Volume 46, Issue 3 - April 2011


Acing the Test
You Should Be Drug Testing Your New Hires
By Paul Bieber

Often when you walk into one of the “big box” stores you’ll see a sign by their customer service desk that says: “We drug test all new employees.” Well, people looking for jobs may walk right out of these stores and go next to a shop like yours that doesn’t drug test.

Roughly half of new employees are drug-tested in the United States, including all government and military personnel. The other half includes the applicants who can’t pass. If you’re not testing, your hiring pool is already tilted towards the drug users.

About 25 percent of all job applicants fail their pre-employment drug test nationwide, which means that about 50 percent of your applicants will fail because all the non-users went to the government or to major employers. We conducted drug testing at our glass fabrication plants, where we employed about 250 people. We did so after the interview and after we said we were going to hire. About a third of the people failed the test. You cannot tell a drug user from an initial 30-minute interview.

People who test positive for drugs have a higher incident of job-related accidents. It is just a plain fact that you have to accept. This decreases your productivity, makes your worker’s comp insurance take off like a rocket, decreases morale when a coworker is hurt and puts your company in line for potential lawsuits.

The Legalese
You say you don’t want all the legal hassles with drug-testing … and you are right, there are some. But they can all be taken care of by an outside drug testing firm. Ask your attorney to recommend one, or simply go to your Internet search engine and you will find many firms that will do all the work for you. Once you are set up, your costs will be between $30 and $90 for each test, depending on the level of testing you want. The testing firm will walk you through this. It is a small price to pay considering the impact it could have on productivity.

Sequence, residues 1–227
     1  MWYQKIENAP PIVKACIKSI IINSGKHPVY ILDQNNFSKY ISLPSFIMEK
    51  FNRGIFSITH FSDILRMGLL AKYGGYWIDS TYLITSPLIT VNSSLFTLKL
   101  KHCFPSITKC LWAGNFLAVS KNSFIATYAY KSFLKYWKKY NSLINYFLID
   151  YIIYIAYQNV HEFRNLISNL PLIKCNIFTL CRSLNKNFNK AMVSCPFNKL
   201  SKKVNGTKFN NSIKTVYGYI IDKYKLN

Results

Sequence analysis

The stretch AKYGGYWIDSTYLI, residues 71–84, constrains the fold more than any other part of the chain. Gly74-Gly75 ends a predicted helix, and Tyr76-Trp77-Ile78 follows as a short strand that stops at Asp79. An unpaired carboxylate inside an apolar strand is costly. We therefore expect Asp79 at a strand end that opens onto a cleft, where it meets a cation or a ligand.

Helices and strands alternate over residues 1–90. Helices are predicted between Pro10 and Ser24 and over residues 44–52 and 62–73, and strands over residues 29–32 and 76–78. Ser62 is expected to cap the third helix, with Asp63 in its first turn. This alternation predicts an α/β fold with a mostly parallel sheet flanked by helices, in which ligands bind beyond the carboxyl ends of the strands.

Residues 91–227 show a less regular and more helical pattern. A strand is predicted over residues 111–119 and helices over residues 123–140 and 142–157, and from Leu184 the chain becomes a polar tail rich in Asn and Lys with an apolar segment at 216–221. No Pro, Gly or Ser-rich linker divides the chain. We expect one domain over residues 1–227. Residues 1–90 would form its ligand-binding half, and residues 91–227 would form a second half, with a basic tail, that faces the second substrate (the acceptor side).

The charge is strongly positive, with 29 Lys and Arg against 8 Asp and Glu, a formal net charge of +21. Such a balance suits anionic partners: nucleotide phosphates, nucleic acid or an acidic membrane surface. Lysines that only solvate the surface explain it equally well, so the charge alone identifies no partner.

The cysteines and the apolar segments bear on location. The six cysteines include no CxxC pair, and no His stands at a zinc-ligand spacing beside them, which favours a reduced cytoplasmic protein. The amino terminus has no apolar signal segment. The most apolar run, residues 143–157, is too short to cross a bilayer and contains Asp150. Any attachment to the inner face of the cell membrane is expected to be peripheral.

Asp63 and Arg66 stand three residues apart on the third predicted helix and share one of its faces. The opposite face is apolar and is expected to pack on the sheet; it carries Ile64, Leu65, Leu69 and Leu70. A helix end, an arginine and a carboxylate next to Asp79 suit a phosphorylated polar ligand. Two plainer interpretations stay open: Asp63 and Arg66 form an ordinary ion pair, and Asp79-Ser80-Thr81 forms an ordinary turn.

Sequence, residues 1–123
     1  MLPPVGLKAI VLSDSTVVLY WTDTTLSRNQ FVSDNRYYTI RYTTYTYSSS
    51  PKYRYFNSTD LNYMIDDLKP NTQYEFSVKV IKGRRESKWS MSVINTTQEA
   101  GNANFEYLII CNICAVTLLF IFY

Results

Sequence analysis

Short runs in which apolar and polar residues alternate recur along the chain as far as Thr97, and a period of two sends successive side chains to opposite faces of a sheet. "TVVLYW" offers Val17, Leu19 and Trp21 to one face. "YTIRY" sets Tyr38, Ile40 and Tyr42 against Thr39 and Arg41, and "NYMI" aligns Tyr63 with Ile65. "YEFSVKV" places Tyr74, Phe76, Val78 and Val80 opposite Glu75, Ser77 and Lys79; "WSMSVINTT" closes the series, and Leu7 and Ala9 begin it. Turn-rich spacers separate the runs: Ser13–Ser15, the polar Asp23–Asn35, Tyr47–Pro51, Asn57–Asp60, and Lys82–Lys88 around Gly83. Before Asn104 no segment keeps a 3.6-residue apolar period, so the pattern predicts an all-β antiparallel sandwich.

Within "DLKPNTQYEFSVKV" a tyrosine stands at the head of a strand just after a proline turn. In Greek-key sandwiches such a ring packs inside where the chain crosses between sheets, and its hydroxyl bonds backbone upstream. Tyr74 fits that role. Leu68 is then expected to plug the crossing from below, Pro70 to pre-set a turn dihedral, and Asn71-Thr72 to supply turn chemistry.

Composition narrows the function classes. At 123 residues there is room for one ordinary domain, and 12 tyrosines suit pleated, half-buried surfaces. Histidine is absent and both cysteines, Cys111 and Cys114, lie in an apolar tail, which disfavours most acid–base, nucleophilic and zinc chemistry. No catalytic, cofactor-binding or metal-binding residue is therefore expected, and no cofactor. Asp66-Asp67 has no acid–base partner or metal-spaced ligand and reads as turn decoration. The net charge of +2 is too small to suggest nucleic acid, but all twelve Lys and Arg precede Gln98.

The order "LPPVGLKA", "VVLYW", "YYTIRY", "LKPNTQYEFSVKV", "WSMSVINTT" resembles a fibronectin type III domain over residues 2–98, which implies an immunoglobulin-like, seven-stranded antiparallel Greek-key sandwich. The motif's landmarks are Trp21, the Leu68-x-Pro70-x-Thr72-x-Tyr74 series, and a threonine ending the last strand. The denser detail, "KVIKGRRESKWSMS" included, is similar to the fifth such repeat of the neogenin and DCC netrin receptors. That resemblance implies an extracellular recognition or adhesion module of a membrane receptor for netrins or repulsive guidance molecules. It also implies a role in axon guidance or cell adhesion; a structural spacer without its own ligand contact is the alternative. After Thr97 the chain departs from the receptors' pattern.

There are other types of testing in addition to pre-employment. They are: after an accident or incident
in your plant, reasonable cause and random.

These are all important to do, and you may be required to do them if you are driving trucks across interstate lines or your trucks require a commercial drivers license to operate. Your testing center can advise you there. Even if you choose not to do the additional testing, the pre-employment should be a no-brainer for any business.

You don’t drug test every applicant who walks in. You only test after you have made a conditional offer of employment, the condition being they pass a pre-employment drug test.

There are two great websites that you should read: www.dol.gov/elaws/drugfree.htm and www.dot.gov/ost/dapc/employee.html. They have pages of great information and helpful hints on getting started. You are not violating anyone’s rights. The law is specifically on your side for pre-employment testing. There are some gray areas in the other test scenarios, but they are very minor and legal complications should not be an excuse to avoid drug testing.

Author’s Note: In 2011 we are shifting the emphasis of this column to a question and answer format. Please send your questions about business issues to paulbaseball@msn.com, call me at 603/242-3521, or fax to 603/242-3527. I don’t have all the answers, but I will research your question with experts in various business fields and get the answers. All questions will be verified with the writer, so please include your contact information. Your name will be withheld from the article at your request, but I can’t accept anonymous questions. Whether it is an ethical, legal or accounting question send me a note. If you want advice on marketing or a business plan, help with an employee situation or succession planning, I’ll help you get the answers.

Paul Bieber has 30 years in the glass industry, including 21 years as the executive vice president of Floral Glass in Hauppauge, N.Y., from which he retired in 2005. Mr. Bieber’s opinions are solely his own and do not necessarily reflect the views of this magazine.

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